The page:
NASA is supplementing its standard protocols and processes for ensuring the health of the astronauts meant to take part in the initial commercial crew spaceflight program with added measures designed to protect them against the possibility of contracting COVID-19, Business Insider reports. Already, it’s standard practice for the U.S. space agency to institute practices designed to reduce the chances any crew flying to space will contract any illnesses on the ground prior to their trip, but extra steps are now in place to specifically address coronavirus risks.
BI’s report notes the added measures in place in addition to the standard two-week quarantine leading up to the commercial crew mission, which is currently set to take place sometime in either April, May or June aboard a SpaceX Crew Dragon spacecraft. These include an improved emphasis on surface cleaning and disinfection, social distancing and hand cleaning, all of which is in keeping with the CDC’s recommendations when it comes to prevention among the general population.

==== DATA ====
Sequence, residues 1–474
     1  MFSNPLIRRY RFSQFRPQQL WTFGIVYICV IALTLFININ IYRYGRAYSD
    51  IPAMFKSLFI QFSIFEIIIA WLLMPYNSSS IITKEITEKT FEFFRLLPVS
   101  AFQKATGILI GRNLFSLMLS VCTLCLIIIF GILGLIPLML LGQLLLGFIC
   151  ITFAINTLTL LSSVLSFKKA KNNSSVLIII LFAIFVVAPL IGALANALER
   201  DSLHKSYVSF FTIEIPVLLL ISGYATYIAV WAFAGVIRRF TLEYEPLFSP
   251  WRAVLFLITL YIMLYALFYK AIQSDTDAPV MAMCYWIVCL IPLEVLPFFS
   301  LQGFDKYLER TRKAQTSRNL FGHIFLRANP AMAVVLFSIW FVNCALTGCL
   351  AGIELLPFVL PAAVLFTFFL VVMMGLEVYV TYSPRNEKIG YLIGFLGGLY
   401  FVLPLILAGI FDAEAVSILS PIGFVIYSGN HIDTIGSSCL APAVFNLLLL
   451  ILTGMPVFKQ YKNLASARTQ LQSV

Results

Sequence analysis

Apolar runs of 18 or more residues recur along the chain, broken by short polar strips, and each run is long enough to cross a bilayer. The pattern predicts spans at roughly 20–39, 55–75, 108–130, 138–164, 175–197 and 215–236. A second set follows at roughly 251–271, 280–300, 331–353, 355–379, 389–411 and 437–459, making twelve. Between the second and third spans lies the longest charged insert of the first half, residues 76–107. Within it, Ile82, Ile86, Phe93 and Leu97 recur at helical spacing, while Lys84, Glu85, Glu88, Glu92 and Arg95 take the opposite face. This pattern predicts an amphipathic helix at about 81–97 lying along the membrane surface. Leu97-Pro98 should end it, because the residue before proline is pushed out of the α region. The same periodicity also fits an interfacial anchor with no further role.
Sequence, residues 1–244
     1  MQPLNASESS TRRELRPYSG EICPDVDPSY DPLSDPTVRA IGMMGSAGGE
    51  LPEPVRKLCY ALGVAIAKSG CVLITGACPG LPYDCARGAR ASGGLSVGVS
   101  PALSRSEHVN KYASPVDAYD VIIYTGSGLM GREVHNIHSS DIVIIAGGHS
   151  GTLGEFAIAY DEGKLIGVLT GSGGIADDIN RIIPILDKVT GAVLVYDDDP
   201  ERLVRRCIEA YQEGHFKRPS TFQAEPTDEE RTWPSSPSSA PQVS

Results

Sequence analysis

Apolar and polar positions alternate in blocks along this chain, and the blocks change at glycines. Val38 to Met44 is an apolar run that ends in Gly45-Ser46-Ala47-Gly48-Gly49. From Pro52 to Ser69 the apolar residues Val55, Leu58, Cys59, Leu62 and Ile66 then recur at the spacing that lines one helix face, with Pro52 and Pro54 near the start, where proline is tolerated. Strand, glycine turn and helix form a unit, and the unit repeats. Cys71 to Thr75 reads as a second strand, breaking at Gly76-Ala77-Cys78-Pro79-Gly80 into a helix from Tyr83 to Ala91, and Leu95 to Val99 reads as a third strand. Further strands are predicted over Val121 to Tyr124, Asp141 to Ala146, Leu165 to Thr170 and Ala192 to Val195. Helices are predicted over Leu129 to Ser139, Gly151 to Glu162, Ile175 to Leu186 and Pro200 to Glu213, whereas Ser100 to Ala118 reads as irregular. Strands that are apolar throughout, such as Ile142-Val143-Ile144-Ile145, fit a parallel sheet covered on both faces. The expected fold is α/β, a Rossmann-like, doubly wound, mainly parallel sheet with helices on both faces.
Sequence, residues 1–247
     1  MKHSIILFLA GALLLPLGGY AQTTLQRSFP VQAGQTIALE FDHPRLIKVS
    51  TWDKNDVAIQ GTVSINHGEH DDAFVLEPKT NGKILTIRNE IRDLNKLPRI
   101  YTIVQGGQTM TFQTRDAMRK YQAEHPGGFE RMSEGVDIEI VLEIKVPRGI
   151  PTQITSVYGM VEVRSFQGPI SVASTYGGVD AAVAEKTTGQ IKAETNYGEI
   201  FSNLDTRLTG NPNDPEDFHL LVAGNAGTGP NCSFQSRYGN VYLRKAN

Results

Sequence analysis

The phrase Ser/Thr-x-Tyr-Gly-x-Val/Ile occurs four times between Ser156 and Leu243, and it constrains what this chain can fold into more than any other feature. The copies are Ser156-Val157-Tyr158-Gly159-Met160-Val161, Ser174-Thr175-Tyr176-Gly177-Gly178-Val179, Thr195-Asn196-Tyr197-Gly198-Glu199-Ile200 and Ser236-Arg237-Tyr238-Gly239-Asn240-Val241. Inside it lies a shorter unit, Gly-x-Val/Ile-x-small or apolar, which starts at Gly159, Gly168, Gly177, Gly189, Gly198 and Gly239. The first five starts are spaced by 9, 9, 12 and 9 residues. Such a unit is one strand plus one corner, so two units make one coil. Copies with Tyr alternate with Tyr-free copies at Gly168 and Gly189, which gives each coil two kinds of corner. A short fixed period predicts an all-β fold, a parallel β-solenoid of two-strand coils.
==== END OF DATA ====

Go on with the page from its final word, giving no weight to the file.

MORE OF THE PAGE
NASA has also suspended tours at the facilities where the astronauts, Doug Hurley and Bob Behnken, undergo training ahead of their flight, and it’s asking its own staff to say home if they have any felling that they might potentially be sick to further limit potential exposure.
Health of anyone tasked with traveling to, and working while in space, is obviously paramount. NASA’s existing procedures, which include extensive testing and monitoring leading up to the actual flights, have a great track record of preventing anyone from taking any unwanted viral guests on their trips to space. Coronavirus may present a new challenge to the agency’s precautionary measures, but it shouldn’t functionally differ all that much from the other viral illnesses that astronauts typically seek to avoid before a mission.